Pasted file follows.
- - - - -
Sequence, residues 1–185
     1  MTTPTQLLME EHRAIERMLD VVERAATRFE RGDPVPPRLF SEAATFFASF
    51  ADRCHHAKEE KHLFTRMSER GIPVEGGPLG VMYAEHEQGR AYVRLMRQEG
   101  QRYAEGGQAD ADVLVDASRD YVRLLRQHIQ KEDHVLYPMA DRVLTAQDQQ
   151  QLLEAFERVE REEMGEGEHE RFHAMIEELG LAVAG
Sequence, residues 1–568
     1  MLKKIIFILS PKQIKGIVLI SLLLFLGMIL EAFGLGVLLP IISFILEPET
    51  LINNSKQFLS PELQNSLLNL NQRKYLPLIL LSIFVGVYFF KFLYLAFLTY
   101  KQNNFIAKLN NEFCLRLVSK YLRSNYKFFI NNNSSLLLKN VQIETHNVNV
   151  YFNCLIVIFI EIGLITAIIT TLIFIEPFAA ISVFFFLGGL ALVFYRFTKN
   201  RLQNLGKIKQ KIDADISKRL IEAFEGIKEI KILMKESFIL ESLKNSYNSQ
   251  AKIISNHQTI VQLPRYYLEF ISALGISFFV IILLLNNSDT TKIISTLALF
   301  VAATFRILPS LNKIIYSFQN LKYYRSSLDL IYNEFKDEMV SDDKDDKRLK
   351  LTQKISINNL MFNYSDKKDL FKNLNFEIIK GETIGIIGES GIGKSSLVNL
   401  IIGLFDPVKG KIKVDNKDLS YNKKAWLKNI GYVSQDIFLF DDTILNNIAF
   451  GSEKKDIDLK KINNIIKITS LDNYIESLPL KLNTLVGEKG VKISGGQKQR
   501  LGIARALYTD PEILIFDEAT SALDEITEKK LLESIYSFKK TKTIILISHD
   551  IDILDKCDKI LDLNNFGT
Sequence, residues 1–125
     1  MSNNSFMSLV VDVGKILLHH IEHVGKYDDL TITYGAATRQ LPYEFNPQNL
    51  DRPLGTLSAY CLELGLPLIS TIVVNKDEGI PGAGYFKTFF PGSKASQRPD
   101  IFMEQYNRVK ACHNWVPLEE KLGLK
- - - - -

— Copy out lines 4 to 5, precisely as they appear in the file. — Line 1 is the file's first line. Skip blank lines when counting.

   101  QRYAEGGQAD ADVLVDASRD YVRLLRQHIQ KEDHVLYPMA DRVLTAQDQQ
   151  QLLEAFERVE REEMGEGEHE RFHAMIEELG LAVAG